There is really no surprise that intoxicated driving is still a recurring problem within the realm of transportation in the United States. Despite the prevailing laws that prohibit motorists from driving a vehicle while exceeding the blood alcohol concentration (BAC) limit of 0.08 grams per deciliter (g/DL), thousands of deaths and injuries still occur every year. According to the National Highway Traffic Safety Administration (NHTSA), at least 10,322 alcohol-related vehicle crash deaths were recorded in 2012. This figure represented 31 percent of all traffic fatalities that year, which was at 33,561. Also, the 10,322 deaths that occurred that year was a nearly 5 percent increase from the previous year, which was at 9,865 in 2011.
In 2012, a single death as a result of an alcohol-related accident on the road occurred every 51 minutes. Yet despite the increase in 2012, driving-age teen deaths were alcohol was involved decreased by 15 percent. But what makes alcohol-impaired driving even more deadly is the fact that other innocent people’s lives are lost because of committing such a crime. In fact, every year, 35 percent of fatalities involved passengers, occupants of other vehicles, and even pedestrians.
Moreover, alcohol-related driving accidents and the resulting injuries and deaths can have disastrous consequences, creating a tremendous impact financially. An NHTSA report released last May entitled “The Economic and Societal Impact of Motor Vehicle Crashes, 2010” revealed how such a deadly accident can be very costly and much burdensome not just for the victims, but for their family members as well.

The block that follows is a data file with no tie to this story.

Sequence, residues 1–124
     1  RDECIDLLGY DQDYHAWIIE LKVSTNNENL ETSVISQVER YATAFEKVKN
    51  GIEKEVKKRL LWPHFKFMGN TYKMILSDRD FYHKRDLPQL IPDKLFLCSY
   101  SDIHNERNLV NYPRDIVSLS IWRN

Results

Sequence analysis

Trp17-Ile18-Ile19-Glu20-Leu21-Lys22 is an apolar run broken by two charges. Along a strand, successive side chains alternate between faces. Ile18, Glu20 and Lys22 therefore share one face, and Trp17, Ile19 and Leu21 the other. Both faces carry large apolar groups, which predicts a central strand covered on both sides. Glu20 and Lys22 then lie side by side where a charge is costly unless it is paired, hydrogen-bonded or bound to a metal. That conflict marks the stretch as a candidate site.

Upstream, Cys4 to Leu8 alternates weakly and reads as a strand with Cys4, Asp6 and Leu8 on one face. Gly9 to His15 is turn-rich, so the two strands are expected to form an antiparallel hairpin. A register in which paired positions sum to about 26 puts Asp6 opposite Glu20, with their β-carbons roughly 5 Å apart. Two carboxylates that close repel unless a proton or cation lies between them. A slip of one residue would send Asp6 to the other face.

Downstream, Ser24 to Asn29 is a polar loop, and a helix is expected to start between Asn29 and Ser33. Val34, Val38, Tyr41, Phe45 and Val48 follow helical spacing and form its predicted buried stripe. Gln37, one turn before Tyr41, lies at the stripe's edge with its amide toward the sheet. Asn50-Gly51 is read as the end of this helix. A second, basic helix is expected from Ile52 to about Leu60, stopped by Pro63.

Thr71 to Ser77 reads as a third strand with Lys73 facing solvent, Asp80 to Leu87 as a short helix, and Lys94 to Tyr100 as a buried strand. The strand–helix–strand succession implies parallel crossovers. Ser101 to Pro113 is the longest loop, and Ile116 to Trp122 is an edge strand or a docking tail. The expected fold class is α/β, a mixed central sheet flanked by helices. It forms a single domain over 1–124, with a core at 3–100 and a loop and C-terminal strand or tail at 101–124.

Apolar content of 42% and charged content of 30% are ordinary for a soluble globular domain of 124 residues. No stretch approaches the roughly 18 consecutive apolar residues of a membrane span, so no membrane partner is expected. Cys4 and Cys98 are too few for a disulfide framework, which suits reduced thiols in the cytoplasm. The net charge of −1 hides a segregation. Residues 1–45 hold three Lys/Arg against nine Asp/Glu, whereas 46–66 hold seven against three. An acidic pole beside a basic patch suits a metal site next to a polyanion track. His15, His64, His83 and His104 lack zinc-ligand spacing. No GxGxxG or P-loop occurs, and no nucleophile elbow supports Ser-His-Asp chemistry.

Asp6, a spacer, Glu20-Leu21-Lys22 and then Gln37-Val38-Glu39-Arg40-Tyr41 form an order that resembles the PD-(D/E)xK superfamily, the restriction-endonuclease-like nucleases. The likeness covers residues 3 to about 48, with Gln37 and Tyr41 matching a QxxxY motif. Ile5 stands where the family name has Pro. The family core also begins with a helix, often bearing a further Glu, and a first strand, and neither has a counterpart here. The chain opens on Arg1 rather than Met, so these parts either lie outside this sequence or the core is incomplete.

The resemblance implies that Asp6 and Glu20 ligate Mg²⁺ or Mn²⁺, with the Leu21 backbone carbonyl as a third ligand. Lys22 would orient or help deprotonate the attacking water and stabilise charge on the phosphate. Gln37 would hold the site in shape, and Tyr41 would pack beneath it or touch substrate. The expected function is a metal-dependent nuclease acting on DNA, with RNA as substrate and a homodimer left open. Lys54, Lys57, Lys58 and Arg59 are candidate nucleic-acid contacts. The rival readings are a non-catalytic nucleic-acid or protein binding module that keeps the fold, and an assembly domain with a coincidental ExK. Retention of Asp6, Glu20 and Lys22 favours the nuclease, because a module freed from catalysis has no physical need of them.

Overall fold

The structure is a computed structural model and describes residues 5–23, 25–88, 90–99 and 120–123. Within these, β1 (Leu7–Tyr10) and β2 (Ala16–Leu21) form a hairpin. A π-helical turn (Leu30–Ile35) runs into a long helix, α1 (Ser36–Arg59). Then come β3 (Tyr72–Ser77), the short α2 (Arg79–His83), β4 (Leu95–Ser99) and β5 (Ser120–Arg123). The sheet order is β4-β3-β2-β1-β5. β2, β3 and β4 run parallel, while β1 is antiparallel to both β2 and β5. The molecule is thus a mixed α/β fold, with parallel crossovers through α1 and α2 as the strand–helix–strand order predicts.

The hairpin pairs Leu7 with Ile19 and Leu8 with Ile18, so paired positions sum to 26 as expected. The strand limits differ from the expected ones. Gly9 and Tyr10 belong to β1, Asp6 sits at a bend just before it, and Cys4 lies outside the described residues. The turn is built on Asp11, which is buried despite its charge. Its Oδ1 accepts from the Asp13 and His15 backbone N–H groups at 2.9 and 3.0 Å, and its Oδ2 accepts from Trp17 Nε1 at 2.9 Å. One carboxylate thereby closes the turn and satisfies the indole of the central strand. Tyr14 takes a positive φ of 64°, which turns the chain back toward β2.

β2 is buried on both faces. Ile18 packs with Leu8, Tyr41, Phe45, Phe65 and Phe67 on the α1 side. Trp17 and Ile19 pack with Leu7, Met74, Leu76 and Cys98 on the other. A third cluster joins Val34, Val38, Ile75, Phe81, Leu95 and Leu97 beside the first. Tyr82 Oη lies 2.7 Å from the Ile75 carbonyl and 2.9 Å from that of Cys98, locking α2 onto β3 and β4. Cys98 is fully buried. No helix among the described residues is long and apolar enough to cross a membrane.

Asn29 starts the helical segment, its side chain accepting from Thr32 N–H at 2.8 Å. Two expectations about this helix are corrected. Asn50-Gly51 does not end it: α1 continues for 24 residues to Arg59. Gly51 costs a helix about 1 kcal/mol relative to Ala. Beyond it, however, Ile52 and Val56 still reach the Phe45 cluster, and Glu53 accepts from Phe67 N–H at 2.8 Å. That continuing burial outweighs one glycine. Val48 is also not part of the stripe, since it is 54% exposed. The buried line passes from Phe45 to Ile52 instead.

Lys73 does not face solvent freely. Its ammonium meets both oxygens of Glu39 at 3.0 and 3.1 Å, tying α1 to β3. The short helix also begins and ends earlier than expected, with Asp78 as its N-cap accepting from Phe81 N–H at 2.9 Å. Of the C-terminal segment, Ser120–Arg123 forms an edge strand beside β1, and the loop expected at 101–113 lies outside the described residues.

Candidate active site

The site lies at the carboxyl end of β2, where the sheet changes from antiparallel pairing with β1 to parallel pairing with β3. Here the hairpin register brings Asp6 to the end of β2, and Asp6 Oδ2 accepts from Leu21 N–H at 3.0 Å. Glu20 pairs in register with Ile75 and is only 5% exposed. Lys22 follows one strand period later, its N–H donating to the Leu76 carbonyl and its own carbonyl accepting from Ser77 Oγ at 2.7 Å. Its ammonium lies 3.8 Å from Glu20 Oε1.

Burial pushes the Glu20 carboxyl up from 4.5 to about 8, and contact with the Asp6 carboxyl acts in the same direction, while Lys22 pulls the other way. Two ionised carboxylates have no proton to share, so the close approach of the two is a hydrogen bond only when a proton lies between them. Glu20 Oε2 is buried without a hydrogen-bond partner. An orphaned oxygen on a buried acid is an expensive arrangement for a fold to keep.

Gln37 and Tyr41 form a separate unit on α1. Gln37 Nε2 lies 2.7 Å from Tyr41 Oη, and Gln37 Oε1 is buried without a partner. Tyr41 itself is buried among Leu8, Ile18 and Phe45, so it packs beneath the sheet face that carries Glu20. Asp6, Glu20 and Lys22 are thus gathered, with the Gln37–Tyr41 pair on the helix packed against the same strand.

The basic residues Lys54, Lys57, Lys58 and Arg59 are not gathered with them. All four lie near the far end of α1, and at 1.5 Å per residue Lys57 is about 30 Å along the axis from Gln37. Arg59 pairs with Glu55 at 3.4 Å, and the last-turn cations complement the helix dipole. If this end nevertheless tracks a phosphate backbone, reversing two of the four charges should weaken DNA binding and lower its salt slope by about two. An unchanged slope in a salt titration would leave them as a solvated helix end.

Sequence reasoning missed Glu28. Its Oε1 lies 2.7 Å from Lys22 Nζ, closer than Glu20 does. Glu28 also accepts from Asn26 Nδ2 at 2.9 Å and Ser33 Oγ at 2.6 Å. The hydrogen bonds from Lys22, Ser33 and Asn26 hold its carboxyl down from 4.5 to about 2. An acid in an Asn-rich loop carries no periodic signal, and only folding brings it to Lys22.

Using the 2010 data as the focal point of the study, the report revealed that alcohol-impaired driving crashes cost the whole U.S. some $47 billion in direct economic impacts, or an average of $152 per American. When the quality of life is lost and life itself is taken into account, then the figure would balloon to $195 billion.
Also worth noting is the fact that the cost of an injury sustained following an accident and additional losses tend to increase depending on the severity of the injury incurred. For instance, a minor injury would cost around $22,000.00. Add in the losses in relation to one’s quality of life and the cost would reach higher than $25,000.00. A serious injury, meanwhile, would cost $1.1 million; add in the loss of one’s quality of life and it would amount to almost $5 million.
Indeed, driving while under the influence of alcohol is dangerous. Every car accident attorney in Los Angeles is aware of how these incidents have claimed lives or seriously injured people, affecting them and their families financially and even socially. Fortunately, efforts have been made by road safety advocates and law enforcement agencies to crack down on drivers with higher BAC levels, thus preventing incidents of drunk driving in the U.S.